Mass spectrometry is an application used to identify molecules within a sample by measuring the mass-to-charge ratio of ions. There are three components of mass spectroscopy: ionizing, analyzing, and detecting.
A sample is ionized and then ions are accelerated and sent through an electric and magnetic field, which affects speed and trajectory. The magnitude at which an ion changes trajectory depends on the mass-to-charge ratio. Ions with the same ratio will be deflected in the same amount.
The differences in mass-to-charge ratio allows a mass analyzer to sort the ions, and results are displayed as spectra of the relative abundance of the detected ions, based on the mass-to-charge ratio. Components of the sample are identified by correlating known masses of substances to the masses identified in the sample or through fragmentation pattern.
Lasers are used in two different ways in mass spectrometry. They are used to vaporize the sample and to ionize it.
Two-step laser mass spectrometry (L2MS) requires two steps using two different laser pulses. In the first step, a pulsed infrared laser is focused on the sample to cause rapid heating and desorption of molecules in the sample. In the second step, a pulse ultraviolet laser causes ionization of the desorbed molecules. The molecules are then analyzed. In this method, desorption and ionization are independently tunable. This allows trace amounts of organic molecules to be detected in complex materials.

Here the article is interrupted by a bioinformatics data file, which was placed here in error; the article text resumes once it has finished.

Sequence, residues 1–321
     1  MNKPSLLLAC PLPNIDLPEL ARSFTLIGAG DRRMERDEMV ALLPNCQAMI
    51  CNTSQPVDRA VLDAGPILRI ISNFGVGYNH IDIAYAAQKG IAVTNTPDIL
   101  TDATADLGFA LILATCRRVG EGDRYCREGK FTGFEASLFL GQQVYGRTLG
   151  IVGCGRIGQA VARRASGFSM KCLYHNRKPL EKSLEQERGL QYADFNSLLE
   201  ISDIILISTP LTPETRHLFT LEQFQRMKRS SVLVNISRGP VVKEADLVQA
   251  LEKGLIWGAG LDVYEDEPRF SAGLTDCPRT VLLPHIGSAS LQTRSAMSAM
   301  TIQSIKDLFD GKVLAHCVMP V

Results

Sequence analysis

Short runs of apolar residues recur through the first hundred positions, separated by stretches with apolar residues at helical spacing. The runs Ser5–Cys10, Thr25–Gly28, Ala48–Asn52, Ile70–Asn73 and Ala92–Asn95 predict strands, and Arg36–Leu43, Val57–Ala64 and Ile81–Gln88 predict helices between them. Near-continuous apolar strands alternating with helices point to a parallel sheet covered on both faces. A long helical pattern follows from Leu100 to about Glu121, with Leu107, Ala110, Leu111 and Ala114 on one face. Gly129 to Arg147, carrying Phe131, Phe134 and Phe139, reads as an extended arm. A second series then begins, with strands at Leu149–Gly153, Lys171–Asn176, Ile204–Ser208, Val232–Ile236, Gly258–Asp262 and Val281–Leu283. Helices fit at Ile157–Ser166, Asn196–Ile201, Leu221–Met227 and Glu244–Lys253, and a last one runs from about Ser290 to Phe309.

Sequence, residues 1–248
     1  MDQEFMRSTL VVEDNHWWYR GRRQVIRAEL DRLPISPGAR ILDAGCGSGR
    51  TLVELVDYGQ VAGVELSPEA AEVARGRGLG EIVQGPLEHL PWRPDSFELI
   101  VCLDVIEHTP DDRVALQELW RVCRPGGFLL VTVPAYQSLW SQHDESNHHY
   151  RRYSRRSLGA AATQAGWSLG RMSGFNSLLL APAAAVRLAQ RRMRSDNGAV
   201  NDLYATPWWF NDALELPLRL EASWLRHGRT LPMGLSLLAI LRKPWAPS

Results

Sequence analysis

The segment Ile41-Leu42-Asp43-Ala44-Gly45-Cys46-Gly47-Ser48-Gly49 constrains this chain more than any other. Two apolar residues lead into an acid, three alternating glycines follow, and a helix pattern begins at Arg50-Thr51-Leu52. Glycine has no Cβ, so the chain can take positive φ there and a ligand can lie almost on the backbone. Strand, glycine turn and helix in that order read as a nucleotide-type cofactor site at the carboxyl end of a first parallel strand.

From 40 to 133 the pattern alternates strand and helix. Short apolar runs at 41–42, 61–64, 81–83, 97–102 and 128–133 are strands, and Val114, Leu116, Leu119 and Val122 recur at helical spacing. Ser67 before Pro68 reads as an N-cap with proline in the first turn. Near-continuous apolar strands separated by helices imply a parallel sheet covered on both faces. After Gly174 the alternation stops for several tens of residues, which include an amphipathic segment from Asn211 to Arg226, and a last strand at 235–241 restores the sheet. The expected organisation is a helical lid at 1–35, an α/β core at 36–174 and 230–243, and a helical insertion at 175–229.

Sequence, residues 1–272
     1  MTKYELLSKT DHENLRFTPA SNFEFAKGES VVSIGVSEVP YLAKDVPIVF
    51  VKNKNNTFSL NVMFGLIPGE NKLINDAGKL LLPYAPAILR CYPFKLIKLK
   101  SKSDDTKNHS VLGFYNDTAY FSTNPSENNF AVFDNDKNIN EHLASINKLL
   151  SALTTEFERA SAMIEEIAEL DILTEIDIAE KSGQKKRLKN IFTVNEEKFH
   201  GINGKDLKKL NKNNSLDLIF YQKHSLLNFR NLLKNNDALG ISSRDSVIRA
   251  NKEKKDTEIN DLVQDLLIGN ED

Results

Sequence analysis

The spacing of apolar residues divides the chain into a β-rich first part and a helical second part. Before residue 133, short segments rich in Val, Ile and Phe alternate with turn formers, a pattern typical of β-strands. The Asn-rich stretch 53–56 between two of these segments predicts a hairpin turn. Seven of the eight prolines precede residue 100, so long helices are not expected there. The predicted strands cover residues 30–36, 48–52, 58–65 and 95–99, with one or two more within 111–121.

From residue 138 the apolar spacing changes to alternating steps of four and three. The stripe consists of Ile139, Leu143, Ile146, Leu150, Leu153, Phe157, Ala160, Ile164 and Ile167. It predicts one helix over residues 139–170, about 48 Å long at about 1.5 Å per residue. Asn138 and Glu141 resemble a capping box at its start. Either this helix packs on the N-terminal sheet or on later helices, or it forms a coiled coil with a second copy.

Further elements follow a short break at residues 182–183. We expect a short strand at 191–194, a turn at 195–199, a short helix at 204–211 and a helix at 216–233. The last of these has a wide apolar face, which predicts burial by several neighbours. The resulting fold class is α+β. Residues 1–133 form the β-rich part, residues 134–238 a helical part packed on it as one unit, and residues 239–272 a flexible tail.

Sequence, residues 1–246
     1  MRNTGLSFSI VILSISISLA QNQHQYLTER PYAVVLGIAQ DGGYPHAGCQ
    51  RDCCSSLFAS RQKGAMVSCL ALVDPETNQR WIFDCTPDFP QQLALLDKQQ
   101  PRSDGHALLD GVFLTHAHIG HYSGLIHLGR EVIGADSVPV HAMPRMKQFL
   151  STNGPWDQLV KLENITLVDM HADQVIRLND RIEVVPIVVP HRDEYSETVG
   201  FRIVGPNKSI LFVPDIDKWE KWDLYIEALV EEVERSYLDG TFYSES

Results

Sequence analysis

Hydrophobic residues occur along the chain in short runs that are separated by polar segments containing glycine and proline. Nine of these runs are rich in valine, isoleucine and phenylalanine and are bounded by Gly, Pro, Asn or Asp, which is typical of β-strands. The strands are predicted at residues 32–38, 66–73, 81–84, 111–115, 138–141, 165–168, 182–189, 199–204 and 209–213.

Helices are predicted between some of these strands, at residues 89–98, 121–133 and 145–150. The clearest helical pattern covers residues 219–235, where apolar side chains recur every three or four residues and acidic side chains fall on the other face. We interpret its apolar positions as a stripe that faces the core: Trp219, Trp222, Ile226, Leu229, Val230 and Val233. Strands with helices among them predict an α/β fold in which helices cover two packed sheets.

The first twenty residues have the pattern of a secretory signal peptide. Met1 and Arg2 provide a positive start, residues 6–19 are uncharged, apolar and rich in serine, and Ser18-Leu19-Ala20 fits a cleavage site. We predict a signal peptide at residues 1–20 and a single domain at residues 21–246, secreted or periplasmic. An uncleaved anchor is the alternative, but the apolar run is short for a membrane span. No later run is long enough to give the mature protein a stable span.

Matrix-assisted laser desorption ionization (MALDI) uses one step and one laser pulse to both vaporize and ionize the sample. Before starting, the sample is mixed into a laser energy absorbing matrix material. A pulsed laser triggers ablation and desorption of the sample and the matrix material. Molecules are ionized in the hot plume of ablated gases and then analyzed.
Contact us for assistance in selecting the appropriate system for your mass spectrometry application.